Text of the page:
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Tavaresia  Welwitsch (1854)
Named for: Josè Tavares de Maçedo, Portuguese official in the Ministry of Marine & Colonies, amateur botanist

The genus Tavaresia includes at least 2 species (T. barkleyi, T. angolensis) of spiny stem succulents from Angola, S. Africa, Namibia and Zimbawe. A third species Tavaresia thompsoniorum may be a natural hybrid. The genus has also been known as Decabelone.
Short, erect, 6-14 angled stems carry rows of tubercles furnished with 3 fine white spines which gives the plants a cactoid appearance. Technically, these spines represent a modified leaf spine with 2 side stipules, unique to this genus. Stems take on a dramatic dark colouration in a sunny position, contrasting with the spines. The large funnel-shaped flowers make these plants attractive to collectors. Swellings near the tips of the coronal lobes are also unique to this genus.

Tavaresia barklyi
Photo: Mike Harvey

Tavaresia barklyi  (Dyer) N.E. Brown 1903 (Devil's Trumpet)
Syn. Tavaresia grandiflora (K. Schumann) A. Berger 1910, Decabelone barklyi Dyer 1875
Named for: Sir Henry Barkly (1815 - 1898) Governor of the Cape who collected this species 
This Asclepiad consists of a clump of short 10-12 angled tuberculate stems. Each tubercle has 3 white spines. The large funnel-shaped flowers up to 4 in long, are mottled maroon on their outside and cream speckled with a darker colour inside, becoming completely maroon near the base of the flower. The flower tube has five pointed tips.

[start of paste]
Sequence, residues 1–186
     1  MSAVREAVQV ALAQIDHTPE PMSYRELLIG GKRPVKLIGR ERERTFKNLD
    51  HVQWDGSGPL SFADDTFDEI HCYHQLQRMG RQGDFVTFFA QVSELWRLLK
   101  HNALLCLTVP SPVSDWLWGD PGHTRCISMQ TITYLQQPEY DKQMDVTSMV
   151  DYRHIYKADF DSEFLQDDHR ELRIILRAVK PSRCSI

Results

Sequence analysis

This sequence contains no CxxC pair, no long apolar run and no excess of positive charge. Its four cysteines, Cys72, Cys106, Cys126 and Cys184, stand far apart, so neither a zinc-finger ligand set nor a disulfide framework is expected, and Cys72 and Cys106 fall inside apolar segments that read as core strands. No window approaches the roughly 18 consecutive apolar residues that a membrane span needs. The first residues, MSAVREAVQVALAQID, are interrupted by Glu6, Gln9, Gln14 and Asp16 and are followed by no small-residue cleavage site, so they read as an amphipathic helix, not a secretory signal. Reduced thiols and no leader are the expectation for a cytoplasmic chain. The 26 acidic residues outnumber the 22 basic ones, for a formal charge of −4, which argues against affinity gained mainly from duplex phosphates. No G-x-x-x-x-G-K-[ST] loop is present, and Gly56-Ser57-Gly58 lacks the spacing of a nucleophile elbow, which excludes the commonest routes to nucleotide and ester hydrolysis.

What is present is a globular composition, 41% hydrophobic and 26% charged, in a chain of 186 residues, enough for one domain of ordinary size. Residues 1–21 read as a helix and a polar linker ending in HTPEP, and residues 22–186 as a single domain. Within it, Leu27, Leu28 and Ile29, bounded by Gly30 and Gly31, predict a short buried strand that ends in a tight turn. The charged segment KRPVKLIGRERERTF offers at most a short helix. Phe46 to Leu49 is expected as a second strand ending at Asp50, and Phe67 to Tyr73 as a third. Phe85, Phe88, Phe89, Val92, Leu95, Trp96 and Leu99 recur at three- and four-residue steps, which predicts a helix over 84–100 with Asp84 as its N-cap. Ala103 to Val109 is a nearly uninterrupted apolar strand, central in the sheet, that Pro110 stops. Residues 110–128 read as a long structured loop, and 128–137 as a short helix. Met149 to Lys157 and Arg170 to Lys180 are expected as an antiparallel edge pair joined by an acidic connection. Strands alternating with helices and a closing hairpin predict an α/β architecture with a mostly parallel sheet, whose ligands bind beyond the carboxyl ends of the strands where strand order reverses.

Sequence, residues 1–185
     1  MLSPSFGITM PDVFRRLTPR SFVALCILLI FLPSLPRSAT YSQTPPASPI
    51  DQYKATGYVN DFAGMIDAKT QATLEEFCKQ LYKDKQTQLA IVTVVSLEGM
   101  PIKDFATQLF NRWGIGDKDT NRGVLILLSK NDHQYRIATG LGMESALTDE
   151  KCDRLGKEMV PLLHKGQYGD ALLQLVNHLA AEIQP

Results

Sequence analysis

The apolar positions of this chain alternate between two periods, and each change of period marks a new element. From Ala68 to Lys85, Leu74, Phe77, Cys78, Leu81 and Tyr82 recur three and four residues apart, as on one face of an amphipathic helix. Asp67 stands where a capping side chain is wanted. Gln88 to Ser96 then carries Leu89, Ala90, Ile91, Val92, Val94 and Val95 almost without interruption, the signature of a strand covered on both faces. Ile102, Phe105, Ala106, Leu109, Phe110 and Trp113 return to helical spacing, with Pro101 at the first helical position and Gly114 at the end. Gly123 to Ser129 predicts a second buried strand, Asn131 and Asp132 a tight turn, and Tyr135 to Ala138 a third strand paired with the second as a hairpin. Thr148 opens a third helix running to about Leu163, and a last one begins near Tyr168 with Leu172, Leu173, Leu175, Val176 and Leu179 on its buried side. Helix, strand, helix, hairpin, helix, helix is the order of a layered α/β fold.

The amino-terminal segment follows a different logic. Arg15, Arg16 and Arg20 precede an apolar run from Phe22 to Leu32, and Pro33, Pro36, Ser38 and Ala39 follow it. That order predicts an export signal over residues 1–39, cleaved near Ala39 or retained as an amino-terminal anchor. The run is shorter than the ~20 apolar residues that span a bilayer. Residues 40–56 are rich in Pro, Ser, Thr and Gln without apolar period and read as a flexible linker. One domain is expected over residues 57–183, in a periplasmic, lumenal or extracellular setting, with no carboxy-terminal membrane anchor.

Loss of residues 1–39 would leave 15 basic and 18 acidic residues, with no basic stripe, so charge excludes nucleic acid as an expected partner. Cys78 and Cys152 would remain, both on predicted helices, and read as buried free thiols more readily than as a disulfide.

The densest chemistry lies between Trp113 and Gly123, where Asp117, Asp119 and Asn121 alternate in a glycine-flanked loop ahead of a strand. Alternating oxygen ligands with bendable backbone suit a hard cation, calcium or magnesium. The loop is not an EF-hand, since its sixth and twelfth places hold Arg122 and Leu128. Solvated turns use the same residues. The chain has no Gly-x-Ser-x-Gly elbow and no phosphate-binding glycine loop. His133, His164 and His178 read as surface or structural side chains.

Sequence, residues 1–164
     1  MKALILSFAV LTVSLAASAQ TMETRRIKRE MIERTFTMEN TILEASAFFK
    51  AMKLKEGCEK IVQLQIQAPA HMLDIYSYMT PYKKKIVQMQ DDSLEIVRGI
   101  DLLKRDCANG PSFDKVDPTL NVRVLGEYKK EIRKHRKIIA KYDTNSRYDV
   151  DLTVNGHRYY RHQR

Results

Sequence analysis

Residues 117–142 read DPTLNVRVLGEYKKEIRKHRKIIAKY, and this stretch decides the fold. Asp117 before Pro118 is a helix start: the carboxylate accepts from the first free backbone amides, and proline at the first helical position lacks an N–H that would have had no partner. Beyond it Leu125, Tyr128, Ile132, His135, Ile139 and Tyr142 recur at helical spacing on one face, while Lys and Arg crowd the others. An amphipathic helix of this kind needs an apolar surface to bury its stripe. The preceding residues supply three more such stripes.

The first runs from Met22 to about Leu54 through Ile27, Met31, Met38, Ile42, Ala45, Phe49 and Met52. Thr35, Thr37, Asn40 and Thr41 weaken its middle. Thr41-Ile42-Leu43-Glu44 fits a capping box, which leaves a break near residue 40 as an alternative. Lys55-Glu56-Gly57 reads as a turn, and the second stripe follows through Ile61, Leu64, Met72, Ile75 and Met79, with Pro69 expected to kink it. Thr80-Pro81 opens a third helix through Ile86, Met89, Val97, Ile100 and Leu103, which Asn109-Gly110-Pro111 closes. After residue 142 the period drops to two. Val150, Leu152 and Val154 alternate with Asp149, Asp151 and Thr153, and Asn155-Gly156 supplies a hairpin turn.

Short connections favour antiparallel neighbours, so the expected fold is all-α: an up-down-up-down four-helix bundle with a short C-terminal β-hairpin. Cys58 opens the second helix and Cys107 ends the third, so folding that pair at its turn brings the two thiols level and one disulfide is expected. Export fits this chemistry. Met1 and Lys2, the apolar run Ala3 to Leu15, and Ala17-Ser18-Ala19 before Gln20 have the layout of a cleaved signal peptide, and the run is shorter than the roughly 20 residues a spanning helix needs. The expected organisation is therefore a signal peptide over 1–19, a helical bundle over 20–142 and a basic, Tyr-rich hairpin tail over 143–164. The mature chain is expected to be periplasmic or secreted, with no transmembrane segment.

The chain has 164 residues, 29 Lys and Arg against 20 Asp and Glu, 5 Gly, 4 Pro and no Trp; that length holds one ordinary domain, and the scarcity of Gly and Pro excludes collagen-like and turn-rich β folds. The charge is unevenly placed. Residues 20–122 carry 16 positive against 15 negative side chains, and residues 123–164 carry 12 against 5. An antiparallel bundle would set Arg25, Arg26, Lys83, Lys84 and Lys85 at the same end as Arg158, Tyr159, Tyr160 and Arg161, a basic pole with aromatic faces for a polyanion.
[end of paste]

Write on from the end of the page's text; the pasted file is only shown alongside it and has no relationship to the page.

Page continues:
Native to a wide range of Summer rainfall areas of Southern Africa, including Angola, Botswana, Namibia, South Africa and Zimbabwe. These succulents are notoriously difficult and need to be kept bone-dry and warm during the Winter or they will collapse into a heap of mush. However, the same warm dry condiions may also lead to loss of roots making rehydration problematic in the Spring. Flower buds are sensitive to touch and to their environment and easily lost.
Hybridisation with Stapeliae is possible. The natural hybrid Tavaresia barklyi x Stapelia gigantea has been described as Tavaresia meintjiesii.